The numbers are as startling as they are sad – from 2000 to 2015 more than half a million people have died from drug overdoses in the United States, according to the Centers for Disease Control, and the numbers continue to rise. The majority of those overdoses involve opioids, many originating from legal prescriptions.
There is some good news, however, coming out of this drug epidemic. There are millions of Americans whose lives have been transformed through recovery — successes that often go unnoticed by the broader population. The Substance Abuse and Mental Health Services Administration recognizes that fact every year by designating September National Recovery Month. The entire month is dedicated to a national observance to educate Americans that substance abuse treatment and mental health services can enable those with a mental and/or substance use disorder to live a healthy and rewarding life.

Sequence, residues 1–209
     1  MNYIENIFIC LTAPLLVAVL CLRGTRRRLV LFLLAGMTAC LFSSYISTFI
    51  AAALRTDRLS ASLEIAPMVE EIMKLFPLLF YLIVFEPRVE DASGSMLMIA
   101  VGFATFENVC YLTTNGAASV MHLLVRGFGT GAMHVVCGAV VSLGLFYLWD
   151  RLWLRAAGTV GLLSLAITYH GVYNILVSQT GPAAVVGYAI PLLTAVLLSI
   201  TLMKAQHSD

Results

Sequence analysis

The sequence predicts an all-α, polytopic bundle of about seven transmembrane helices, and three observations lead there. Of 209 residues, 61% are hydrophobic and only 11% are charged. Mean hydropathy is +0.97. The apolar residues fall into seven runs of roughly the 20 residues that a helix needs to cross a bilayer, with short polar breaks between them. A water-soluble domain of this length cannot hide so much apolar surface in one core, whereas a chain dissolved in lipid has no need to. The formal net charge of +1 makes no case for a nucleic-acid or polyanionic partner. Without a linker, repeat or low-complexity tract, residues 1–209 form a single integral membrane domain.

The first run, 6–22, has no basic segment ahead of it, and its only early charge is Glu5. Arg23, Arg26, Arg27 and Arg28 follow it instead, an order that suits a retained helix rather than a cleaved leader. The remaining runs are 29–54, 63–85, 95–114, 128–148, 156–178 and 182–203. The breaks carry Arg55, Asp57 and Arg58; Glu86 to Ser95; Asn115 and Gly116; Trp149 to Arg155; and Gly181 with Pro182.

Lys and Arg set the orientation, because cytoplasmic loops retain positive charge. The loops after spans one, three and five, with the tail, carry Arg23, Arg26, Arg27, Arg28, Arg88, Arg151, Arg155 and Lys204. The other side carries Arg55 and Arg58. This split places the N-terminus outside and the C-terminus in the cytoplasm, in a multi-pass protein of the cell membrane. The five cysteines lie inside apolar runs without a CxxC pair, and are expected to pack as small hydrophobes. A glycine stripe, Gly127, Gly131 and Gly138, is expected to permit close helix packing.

Recovery Month celebrates the gains made by those in recovery, just as we celebrate health improvements made by those who are managing other health conditions such as hypertension, diabetes, asthma, and heart disease. The observance reinforces the positive message that behavioral health is essential to overall health, prevention works, treatment is effective, and people can and do recover.
This year’s theme is Join the Voices for Recovery: Strengthen Families and Communities, highlighting the value of family and community support throughout recovery and inviting individuals in recovery and their family members to share their personal stories and successes and encourage others. Now in its 27th year, Recovery Month highlights the achievements of individuals who have reclaimed their lives in long-term recovery and honors the treatment and recovery service providers who make recovery possible.
Here at Community Health Connections, our mental health and substance abuse treatment professionals encourage the communities of northern Worcester County – and throughout the country – to reach out and support individuals in need of services, as well as their friends and families, to seek treatment and recovery services and information that can help them reclaim their lives.